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J-boshi, C-zhen (?)K-

To block the opponents advance toward the center by placing a stone two lines above the opponents stone.

missing image fileDia. 1

Black 1 in Dia. 1 is a cap to the marked white stone.

Knights cap

White 1 in Dia.1 is a knights cap against the marked black stone.

missing image file Dia. 1

Large knights cap

A move played in a large knights relation with a friendly stone that is located on the 4-5 point or the 3-5 point when the opponent approaches it.

White 2 in Dia. 1 and Dia. 2 are the examples.

missing image file Dia. 1 missing image file Dia. 2


J-toru (, ), C-ti ()K-

To take an opponents stone or stones off the board by filling their last liberty.

A stone taken off the board, called captured stone, is kept by the player taking them and used in filling the opponents territory at the end of the game.

missing image file Dia. 1


J- tori kaesu, C-fan ti (), K-ǵ

To capture an opponents stone that has captured some of the firendly stones.

missing image file Dia. 1 missing image file Dia. 2

For example, Black 1 in Dia. 1 captures two white stones, and White 2 in Dia. 2 counter-captures that stone.

Captured stone

J-agehama, ageishi (߾), C-sizi (), K-

A stone taken off the board as having no liberty.

It is also called prisoner or captive.

Cf. dead stone

Capturing race

J-semeai (ꪤ), C-duisha (??)K- ()

A local skirmish in which the stones both sides are surrounded and each have at most one eye. Each player is reducing the liberties of their opponents stones. The first one to capture the opponents stones wins the race and his own stones live.

In Dia. 1 the white and black stones in the corner are caught up in a capturing race. Neither sides stones have two eyes and each side has to kill the other sides stones in order to live with his own. If it is Blacks turn now, he wins the race, and vice versa.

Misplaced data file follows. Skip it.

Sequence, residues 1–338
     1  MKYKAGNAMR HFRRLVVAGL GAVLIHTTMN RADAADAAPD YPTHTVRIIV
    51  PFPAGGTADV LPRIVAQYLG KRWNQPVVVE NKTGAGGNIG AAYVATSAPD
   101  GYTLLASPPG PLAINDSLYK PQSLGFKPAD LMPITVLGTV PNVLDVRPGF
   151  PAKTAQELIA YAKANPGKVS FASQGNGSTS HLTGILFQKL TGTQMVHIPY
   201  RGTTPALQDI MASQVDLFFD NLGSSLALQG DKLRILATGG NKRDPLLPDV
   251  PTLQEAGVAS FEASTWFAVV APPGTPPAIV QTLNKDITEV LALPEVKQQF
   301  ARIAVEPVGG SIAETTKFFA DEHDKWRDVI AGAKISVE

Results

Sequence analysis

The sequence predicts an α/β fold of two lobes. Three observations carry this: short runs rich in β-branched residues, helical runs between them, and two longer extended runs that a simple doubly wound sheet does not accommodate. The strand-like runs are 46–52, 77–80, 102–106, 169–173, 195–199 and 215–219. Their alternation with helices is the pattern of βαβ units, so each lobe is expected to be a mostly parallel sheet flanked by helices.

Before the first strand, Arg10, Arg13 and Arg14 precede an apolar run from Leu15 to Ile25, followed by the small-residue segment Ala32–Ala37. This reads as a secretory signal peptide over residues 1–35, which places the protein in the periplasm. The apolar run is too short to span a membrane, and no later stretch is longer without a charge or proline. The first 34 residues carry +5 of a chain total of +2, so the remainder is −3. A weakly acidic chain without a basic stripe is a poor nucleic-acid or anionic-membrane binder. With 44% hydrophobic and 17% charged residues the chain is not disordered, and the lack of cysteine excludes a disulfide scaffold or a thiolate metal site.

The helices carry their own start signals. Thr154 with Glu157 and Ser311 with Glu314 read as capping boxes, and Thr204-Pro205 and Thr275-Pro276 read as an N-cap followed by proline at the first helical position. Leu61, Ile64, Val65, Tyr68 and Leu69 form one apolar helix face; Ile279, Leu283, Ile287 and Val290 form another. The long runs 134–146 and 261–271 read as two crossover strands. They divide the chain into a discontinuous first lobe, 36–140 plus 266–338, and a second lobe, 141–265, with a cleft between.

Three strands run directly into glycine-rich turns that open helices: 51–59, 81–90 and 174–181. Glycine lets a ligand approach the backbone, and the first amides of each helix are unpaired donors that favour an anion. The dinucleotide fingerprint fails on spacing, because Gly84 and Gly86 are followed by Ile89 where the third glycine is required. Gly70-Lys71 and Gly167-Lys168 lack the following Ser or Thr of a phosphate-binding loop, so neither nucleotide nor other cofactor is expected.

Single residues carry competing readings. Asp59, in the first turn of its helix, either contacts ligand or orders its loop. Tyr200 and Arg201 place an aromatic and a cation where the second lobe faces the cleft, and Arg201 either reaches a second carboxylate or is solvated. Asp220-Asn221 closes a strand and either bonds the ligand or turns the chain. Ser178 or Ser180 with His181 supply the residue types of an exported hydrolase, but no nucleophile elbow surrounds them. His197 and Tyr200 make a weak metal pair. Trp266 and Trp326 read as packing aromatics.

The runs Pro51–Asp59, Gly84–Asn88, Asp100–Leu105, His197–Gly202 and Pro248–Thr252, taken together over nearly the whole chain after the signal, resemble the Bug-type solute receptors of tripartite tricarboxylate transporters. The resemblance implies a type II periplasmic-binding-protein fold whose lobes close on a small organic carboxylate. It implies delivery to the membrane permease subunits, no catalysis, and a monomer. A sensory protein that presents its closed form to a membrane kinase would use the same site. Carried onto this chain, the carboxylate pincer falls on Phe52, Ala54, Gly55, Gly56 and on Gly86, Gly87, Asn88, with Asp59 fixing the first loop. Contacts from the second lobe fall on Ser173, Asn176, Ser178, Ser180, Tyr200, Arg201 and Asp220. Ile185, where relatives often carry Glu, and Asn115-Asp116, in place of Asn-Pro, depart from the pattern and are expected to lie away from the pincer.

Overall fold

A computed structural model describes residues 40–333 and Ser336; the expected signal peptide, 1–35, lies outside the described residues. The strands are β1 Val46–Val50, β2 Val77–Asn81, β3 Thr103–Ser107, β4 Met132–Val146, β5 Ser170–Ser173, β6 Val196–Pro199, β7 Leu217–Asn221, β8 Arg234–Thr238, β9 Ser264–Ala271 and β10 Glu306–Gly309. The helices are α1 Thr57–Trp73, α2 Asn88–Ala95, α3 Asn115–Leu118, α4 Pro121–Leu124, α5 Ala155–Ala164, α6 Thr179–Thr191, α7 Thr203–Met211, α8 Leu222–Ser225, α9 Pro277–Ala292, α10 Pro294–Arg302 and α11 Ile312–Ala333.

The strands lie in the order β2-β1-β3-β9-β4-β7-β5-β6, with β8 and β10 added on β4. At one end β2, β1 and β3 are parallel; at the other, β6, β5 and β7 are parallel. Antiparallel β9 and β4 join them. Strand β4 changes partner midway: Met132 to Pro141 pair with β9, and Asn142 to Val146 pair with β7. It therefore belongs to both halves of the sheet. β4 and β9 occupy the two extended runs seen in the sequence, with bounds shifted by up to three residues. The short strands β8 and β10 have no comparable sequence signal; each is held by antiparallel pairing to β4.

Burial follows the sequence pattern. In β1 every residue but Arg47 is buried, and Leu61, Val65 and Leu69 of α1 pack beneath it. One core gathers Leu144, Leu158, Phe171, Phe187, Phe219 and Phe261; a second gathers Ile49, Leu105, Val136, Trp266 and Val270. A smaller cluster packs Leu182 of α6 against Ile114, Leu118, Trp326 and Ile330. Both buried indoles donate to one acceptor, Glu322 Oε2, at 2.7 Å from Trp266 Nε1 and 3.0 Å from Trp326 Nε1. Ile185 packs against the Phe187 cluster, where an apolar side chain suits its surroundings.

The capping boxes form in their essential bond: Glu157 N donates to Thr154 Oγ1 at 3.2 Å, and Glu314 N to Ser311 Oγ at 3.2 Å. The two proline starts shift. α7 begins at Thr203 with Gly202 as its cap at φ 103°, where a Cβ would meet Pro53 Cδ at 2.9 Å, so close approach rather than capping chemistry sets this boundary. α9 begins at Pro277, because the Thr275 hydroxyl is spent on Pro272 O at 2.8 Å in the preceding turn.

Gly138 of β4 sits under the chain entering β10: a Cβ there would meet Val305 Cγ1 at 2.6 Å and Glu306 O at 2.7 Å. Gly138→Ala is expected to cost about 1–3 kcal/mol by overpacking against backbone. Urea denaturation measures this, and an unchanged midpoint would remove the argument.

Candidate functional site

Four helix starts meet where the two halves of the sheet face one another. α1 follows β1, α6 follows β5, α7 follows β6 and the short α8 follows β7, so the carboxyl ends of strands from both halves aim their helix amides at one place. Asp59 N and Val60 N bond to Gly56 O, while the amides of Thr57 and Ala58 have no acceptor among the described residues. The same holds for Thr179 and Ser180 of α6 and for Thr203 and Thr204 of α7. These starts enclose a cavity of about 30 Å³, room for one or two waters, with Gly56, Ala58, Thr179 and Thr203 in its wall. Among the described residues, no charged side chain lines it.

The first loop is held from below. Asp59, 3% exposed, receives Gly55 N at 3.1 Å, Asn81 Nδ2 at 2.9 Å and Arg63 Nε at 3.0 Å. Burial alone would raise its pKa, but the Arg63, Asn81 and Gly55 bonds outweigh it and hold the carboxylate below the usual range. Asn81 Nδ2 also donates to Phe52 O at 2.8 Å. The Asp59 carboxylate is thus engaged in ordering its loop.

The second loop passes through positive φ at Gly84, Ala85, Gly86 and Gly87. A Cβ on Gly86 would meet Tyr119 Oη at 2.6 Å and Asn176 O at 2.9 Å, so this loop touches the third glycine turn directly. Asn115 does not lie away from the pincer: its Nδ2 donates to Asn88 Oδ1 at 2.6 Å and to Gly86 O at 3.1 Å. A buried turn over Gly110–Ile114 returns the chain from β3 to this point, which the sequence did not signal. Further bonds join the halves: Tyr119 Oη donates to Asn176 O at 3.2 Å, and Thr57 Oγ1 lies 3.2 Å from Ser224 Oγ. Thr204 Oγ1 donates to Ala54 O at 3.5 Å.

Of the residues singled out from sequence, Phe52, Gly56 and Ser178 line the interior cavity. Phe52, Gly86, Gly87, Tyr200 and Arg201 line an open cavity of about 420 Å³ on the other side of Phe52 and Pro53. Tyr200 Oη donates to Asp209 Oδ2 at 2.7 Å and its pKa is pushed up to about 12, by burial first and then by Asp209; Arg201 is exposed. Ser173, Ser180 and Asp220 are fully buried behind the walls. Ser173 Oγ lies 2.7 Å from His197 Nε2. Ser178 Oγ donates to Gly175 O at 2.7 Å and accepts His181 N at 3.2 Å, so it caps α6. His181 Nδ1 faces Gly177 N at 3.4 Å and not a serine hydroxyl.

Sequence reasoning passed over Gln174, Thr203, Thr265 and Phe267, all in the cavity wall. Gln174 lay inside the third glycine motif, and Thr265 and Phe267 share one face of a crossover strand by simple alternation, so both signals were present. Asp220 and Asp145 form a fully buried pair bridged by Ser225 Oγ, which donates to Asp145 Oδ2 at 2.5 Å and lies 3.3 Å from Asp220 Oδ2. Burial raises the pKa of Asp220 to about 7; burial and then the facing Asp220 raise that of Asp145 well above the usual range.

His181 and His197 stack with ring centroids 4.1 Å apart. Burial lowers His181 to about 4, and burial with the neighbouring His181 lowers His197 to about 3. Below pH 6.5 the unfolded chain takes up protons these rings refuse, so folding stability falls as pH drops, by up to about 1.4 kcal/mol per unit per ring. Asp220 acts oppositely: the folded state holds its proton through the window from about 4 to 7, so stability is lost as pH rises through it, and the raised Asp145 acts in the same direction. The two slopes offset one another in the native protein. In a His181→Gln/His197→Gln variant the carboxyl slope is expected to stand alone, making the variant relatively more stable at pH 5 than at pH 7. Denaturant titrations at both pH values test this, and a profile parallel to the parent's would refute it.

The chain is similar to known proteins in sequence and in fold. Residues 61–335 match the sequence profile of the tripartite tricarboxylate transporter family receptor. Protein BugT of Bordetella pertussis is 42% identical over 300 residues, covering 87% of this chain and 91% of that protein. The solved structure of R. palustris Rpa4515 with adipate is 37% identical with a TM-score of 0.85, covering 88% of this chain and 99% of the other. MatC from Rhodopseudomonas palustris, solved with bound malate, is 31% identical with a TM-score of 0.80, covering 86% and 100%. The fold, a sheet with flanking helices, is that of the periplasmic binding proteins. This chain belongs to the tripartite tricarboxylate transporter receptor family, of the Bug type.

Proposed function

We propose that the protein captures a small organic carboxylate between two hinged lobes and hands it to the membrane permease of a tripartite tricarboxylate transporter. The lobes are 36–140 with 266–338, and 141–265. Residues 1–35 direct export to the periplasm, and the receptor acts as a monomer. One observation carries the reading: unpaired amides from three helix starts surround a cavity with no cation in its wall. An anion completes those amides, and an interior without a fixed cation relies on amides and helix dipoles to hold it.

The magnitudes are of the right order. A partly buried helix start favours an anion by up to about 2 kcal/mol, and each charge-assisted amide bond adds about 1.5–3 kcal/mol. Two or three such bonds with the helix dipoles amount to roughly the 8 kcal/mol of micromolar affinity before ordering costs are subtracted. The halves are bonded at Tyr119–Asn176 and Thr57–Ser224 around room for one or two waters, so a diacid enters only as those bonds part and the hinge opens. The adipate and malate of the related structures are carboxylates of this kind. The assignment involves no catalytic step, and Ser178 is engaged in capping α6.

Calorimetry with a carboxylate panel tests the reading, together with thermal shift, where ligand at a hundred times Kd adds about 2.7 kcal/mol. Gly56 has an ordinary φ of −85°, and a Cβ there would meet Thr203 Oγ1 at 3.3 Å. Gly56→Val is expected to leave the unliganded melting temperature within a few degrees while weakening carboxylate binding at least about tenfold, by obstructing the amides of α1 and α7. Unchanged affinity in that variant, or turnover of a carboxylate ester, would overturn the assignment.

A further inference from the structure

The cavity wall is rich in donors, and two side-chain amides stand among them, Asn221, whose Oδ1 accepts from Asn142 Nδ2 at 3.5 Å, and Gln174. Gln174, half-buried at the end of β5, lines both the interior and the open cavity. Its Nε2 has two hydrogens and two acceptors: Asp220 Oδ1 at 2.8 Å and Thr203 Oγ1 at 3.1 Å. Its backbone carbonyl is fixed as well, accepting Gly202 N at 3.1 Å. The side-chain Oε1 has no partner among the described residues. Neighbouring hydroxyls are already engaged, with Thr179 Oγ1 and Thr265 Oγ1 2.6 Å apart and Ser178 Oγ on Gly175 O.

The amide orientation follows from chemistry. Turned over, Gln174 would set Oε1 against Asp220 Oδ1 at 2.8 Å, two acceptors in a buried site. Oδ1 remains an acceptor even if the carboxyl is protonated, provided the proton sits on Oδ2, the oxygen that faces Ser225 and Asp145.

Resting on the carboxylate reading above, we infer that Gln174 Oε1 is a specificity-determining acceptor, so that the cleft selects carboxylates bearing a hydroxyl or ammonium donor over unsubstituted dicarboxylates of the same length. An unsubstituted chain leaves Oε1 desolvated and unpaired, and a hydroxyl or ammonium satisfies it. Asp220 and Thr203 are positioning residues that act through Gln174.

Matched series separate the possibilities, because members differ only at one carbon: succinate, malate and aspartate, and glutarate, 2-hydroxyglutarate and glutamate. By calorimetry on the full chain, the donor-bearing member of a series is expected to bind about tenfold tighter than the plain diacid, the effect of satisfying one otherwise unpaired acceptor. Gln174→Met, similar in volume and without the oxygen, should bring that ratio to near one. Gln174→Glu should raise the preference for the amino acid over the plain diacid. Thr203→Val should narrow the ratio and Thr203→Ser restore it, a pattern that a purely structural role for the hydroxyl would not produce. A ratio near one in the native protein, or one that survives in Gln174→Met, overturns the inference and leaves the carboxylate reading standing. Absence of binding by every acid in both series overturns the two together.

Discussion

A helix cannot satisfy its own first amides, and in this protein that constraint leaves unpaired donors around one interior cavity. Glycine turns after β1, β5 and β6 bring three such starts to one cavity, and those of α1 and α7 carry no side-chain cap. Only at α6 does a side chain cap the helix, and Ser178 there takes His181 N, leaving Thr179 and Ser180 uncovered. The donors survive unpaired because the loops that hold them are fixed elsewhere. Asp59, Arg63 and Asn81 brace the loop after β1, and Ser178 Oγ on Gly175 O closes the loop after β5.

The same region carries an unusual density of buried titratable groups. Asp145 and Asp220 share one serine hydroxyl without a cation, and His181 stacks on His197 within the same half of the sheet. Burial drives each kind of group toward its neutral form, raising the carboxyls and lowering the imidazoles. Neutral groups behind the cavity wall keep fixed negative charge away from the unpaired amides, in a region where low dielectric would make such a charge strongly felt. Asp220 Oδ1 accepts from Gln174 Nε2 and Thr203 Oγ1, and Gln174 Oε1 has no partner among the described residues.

missing image file Dia. 1

While the literal meaning of Japanese term is attacking each other and of Chinese is killing each other, the Korean means a combat pitting the number of liberties of their stones against the other. I think that this explains the situation more clearly.

Carpenters square

J-ichigomasu (ު), C-jingui jiao (?)K-̹

A shape which can occur while settling a group in a corner. The Black position in Dia. 1.

It seems to be large enough to make two eyes but is actually exposed to a danger if White hits the vital point with a.

missing image file Dia. 1

Castle game

J-oshirogo (ѳ), C-yucheng qi (Ѥ)K- (ѳ)

It is a game played in the presence of the shogun() in the castle during the Edo period in Japan.


J-chugen (), C-zhongfu (), K-߾ ()

The middle area of the Go board.

We can find a theory which emphasizes the importance of the center in a considerable number of ancient Chinese documents. So far, the emphasis on the center seems to have the philosophical, not technical, origin. The Korean and Chinese terms figuratively compare it to a belly-١ which is located in the middle of a body but ١ is also supposed to mean very important in Asian language and I think it is related with the theory emphasizing the center.

<ٵ ׸>

Cf. corner, side, zenith.

Chinese opening

J-Chugoku ryu (?׵), C-zhongguo liu (?׵), K-߱ (?׵)